Jacob, thanks so much for your time. How did the deal to run for Belardi Auto Racing at Kentucky come together?
JW: Well I wanted to make the next step forward in my career and jump into the Indy Lights series, and with all things accounted for it seemed that Belardi was a great fit. After doing some research on the series it was apparent that everyone thought very highly of the ownership, engineering and team. I was hopeful all along that I would be fortunate enough to run some races with Belardi after passing the rookie test and when this opportunity arose I jumped on board.
How did you feel your test at Kentucky went, and what are your overall impressions of the track?
JW: I feel the rookie test at Kentucky went extremely well. I wondered how I would adapt to the car and driving style but with some coaching I learned very quickly. We ran consistent lap times and never had a moment where the car felt out of shape or wrong all day. Kentucky was the biggest track I've ran to date at 1.5 miles so the speed and momentum were a couple things I needed to adapt to. Watching the races on TV, you'd guess the tracks are very smooth but this wasn't the case. Kentucky has quite a few places in the track where the asphalt "ripples" and makes things a little hairy, but the car's downforce really makes driving through them fairly simple.
|Wilson testing at Kentucky|
What do you feel INDYCAR can do to make itself more of an option for grassroots and short-track American drivers?
JW: The organization is doing a good job promoting their ladder system (Mazda Road to Indy) and accepting drivers from other forms of racing like USAC. Just this year there have been three sprint car drivers attempting to make the jump to the Indy Lights platform. The problem comparing the two series is there really isn't a comprehensible comparison. No downforce on a quarter-mile with 850 horsepower is nearly impossible to relate to a car planted by downforce on a 1.5 mile circuit, with roughly half the power.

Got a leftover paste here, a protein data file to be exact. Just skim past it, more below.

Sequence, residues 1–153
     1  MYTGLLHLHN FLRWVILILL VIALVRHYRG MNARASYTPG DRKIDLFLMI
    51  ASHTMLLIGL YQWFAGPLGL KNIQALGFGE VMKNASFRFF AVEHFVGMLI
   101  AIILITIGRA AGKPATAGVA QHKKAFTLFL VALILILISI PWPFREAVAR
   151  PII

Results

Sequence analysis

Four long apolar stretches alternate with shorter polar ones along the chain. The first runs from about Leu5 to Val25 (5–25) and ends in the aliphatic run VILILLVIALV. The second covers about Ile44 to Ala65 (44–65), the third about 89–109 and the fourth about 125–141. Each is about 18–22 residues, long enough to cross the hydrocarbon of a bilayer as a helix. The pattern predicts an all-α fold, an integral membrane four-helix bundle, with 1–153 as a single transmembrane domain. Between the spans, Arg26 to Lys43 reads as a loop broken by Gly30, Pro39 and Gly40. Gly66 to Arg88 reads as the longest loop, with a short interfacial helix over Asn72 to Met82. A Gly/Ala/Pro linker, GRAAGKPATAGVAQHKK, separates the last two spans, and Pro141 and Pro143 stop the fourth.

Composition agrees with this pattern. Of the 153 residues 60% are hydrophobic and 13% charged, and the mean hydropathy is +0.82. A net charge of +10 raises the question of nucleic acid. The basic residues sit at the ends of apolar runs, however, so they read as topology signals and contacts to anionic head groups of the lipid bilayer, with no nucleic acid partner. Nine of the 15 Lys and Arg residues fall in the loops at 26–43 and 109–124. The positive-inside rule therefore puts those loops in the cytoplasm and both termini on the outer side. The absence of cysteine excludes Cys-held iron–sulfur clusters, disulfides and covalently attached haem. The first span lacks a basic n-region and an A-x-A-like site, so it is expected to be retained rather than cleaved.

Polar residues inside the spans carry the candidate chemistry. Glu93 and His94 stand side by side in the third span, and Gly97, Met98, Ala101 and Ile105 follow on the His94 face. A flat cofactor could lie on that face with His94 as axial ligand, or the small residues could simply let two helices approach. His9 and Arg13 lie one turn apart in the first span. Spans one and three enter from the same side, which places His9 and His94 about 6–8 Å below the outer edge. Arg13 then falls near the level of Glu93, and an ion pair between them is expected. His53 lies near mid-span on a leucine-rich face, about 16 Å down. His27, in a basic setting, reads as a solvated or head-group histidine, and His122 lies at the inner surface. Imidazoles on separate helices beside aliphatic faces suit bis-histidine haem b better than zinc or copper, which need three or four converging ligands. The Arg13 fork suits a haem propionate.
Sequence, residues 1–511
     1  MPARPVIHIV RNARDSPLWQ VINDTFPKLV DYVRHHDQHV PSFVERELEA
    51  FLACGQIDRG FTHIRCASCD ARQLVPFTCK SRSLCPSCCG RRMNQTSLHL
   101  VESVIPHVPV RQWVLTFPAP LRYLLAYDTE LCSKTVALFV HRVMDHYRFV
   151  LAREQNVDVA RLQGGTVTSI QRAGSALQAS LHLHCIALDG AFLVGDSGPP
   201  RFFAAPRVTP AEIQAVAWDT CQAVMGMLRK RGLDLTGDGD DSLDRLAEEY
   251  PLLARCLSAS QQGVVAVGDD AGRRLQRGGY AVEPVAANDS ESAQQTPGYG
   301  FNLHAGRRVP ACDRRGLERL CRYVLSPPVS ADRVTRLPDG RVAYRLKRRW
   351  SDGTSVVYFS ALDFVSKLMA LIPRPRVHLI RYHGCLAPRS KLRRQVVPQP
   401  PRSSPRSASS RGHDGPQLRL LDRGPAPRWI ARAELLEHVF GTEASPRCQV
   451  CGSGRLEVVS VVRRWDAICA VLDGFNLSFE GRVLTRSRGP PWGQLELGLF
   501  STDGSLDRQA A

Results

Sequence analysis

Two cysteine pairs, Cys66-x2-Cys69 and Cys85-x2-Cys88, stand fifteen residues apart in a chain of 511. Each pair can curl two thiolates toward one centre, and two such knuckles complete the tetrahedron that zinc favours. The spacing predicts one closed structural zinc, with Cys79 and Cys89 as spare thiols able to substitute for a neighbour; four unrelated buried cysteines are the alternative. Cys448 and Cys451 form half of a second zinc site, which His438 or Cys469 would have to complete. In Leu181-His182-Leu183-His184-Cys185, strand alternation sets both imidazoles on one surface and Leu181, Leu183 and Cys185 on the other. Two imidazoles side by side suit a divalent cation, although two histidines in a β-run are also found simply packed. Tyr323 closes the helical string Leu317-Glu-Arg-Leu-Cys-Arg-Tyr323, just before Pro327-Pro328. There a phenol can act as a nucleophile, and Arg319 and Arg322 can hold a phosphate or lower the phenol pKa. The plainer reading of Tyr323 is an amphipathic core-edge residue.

What’s been your best moment as a professional driver?
JW: There have been many high moments in my career but there is one race I recall above the rest. Winning the 49th annual Joe James/Pat O'Connor Memorial at the famed Salem Speedway in my rookie year in a USAC Sprint Car was a surreal moment. After being the fastest qualifier and overcoming adversity in the race with a brake failure, the team and I pulled things together to lead the final 21 laps and win my first race at that level. It was special to me looking back at the list of drivers to have won that race including A.J. Foyt, Ed Carpenter, Parnelli Jones, and fellow Indy Lights driver Bryan Clauson as well as many other greats.
What’s a pre-race superstition or tradition you have?
JW: I've never been the superstitious type, but I usually have green on my race cars or enjoy some peanut M & M's in the pits. I usually have a pre-race prayer I go through before each race that I picked up in my karting days. If nothing else a couple jokes before climbing in the cockpit always seems to calm any jitters as well.
Lastly, what sort of goals or benchmarks have you set for yourself and your team over these two Firestone Indy Lights races?
JW: The team has been successful all year and has ran well on many occasions, and I look forward to continuing that. With the confidence I gained at the test and my desire to make the best out of every situation, I feel like things will go well over the next couple races. Joining two drivers that have ran the full schedule, I'll have a wealth of knowledge that I can learn from and apply to situations I have yet to come across. "To finish first, first you must finish" will certainly be tucked away in my mind throughout the races, and I look forward to making a run for the front of the field at Kentucky and Las Vegas.
Make sure to follow Jacob on Twitter as he begins his time in Firestone Indy Lights, as well as the folks at Belardi Auto Racing! Thanks again, Jacob!